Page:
Comparing 'Remember' to 'Do Not Go Gentle Into That Good Night'

In this essay, I am going to compare the poems ‘Remember’ by poet Christina Rossetti and poet Dylan Thomas’ ‘Do Not Go Gentle Into That Good Night’. The poem ‘Remember’ reflects poet Rossetti’s life towards the end, when she was slowly dying of cancer. She knew she was inevitably going to die, just as the narrator does in ‘Remember’. Poet Dylan Thomas wrote the poem ‘Do Not Go Gentle Into That Good Night’ when his father was gravely ill in 1952.

He chose to write about what he thought his father should do about facing death. Already, we can see that these two poems share a similar theme – death. Other similarities, such as types of imagery, tone, mood and relationships will be explained in the next few paragraphs.

However, while they share the same theme, the poems present death in a diametrically opposite way. Rossetti wants her audience to accept the death of a person (sub-theme: accepting death). While Thomas wants his audience to feel the pain of losing someone, therefore wanting dying people to stay alive as long as possible.

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In ‘Remember’, the dying narrator talks to her lover/companion about accepting her death and moving on after she has gone away (as shown as in the quote,”…when I’m gone away…”). The poem thus portrays death as something inevitable which cannot be fought against. Whereas in ‘Do Not Go Gentle Into That Good Night’ (sub-theme: fighting death) the narrator is urging his dying father to fight death (as shown as in the quote, “…rage, rage against the dying of the light,”).

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The phrase ‘dying of the light’ is used to personify the death of a person. The word ‘rage’ tells us to get furious against death and prevent the ‘dying of the light’ from happening (fighting to stay alive). The repetition of ‘rage’ also emphasises how important it is in the fight against death.

Another similarity found in the two poems is the tone and mood of the poem. The tones of both poems are persuasive, urging the audience into doing something about a looming death. Rossetti persuades her audience to accept the death of a person (“…forget and smile”) while ‘Do Not Go Gentle Into That Good Night’ argues to preserve life and stay alive. This is shown in the phrase, “old age should burn…”. The ‘old age’ personifies a person close to death. What Thomas is trying to say is that dying people should burn with rage and defiance towards death, persuading his audience to fight death instead of calmly accepting it, unlike what Rossetti has suggested. This shows how different the two poems’ purposes are.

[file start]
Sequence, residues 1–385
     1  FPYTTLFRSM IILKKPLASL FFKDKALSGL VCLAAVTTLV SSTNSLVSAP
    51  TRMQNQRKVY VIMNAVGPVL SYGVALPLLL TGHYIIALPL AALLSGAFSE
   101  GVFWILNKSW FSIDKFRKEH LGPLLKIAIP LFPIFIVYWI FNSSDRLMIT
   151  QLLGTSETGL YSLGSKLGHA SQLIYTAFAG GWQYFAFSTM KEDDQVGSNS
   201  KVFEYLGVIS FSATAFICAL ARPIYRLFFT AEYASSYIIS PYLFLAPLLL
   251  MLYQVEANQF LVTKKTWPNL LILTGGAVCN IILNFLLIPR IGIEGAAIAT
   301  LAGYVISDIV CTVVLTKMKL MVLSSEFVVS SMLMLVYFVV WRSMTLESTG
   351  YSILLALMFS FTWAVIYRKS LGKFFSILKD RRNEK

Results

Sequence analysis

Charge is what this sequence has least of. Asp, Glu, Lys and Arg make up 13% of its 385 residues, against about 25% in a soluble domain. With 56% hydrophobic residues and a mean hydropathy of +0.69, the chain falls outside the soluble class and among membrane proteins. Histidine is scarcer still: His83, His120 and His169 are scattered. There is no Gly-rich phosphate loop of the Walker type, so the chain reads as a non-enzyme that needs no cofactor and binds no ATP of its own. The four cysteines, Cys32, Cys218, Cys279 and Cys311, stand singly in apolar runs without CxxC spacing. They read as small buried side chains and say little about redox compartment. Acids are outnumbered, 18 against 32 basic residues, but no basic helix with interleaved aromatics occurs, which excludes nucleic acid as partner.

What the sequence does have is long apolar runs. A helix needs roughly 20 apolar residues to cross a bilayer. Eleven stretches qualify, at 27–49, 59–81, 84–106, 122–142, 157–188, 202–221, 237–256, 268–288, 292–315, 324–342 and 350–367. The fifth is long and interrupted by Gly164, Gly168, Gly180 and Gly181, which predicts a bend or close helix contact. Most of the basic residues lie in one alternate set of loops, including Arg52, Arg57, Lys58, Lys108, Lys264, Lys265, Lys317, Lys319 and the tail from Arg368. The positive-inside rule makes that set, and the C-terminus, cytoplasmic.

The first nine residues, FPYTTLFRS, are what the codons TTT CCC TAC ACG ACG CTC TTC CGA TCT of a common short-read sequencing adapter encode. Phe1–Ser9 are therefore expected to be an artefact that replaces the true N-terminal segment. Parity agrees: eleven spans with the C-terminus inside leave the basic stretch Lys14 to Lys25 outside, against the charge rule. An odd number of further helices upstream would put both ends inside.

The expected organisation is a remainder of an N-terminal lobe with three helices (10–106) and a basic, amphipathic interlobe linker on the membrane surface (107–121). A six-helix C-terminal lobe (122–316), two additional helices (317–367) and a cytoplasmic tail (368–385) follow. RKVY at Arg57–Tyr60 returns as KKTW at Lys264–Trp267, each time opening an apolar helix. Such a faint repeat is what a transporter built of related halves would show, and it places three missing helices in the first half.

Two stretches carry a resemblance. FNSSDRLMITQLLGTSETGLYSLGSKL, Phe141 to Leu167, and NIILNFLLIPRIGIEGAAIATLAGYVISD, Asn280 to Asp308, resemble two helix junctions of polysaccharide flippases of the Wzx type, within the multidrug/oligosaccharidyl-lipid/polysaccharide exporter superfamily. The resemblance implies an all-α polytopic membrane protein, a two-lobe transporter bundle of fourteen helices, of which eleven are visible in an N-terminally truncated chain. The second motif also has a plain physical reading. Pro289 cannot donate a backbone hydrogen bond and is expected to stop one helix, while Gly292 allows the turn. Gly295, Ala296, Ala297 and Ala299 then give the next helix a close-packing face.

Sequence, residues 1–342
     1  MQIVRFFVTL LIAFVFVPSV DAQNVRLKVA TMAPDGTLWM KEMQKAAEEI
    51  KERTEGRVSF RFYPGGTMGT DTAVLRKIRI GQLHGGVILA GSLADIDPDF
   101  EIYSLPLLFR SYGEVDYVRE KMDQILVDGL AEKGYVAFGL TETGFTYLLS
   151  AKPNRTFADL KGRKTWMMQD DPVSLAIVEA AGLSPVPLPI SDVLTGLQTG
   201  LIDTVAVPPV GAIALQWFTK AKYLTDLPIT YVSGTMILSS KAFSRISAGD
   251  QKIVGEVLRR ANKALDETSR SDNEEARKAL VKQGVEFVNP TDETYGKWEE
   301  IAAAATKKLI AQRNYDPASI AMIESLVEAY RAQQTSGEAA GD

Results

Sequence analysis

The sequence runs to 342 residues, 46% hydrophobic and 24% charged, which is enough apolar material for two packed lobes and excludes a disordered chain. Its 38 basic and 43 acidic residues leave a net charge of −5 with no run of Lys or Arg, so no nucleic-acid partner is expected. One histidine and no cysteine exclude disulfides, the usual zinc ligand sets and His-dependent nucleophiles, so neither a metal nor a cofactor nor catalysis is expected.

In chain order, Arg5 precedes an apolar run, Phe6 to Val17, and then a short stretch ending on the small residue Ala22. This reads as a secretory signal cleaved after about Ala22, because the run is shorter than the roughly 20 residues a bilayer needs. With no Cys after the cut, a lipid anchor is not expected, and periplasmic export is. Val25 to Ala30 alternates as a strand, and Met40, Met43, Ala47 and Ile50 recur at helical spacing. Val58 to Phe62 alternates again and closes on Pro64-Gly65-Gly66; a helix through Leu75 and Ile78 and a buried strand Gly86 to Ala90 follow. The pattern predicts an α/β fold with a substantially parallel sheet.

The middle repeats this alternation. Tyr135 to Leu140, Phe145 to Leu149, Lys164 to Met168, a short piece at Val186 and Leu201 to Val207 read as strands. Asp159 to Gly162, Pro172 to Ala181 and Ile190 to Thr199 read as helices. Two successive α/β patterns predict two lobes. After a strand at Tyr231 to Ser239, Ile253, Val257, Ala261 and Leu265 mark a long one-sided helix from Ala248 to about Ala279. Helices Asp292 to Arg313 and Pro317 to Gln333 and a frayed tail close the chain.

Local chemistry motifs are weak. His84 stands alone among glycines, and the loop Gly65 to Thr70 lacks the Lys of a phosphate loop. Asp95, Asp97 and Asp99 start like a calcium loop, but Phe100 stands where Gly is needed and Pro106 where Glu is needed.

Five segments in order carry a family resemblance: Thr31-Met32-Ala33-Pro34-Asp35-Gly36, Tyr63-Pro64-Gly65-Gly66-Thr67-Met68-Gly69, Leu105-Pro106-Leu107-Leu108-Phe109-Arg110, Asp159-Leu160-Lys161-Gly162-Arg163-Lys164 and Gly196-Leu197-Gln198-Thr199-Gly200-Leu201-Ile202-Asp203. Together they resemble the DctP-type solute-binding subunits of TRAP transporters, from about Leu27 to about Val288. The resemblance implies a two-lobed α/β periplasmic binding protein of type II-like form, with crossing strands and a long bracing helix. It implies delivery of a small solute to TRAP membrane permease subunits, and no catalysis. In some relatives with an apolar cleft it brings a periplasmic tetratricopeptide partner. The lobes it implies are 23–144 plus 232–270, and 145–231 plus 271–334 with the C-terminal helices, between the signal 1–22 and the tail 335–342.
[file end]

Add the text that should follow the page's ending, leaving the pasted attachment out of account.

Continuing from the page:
Repetition is another technique used by both the poets use to show different perspectives of death. Repetition is used throughout the two poems, in the form of their titles. ‘Remember’ repeats its title five times, exemplifying this poem’s sub-theme, which is living with memories of the person who is no more. The repetition emphasises how important it is to the poet that her lover remembers her after she dies, but at the same time, lets her die peacefully. In comparison, ‘Do Not Go Gentle Into That Good Night’ repeats it’s title four times, exemplifying this poem’s sub-theme, which is fighting death (‘Do Not Go Gentle Into That Good Night’ telling us simply not to die without a fight). The repetition is a constant reminder of the sub-theme, about how imperative it is to fight death.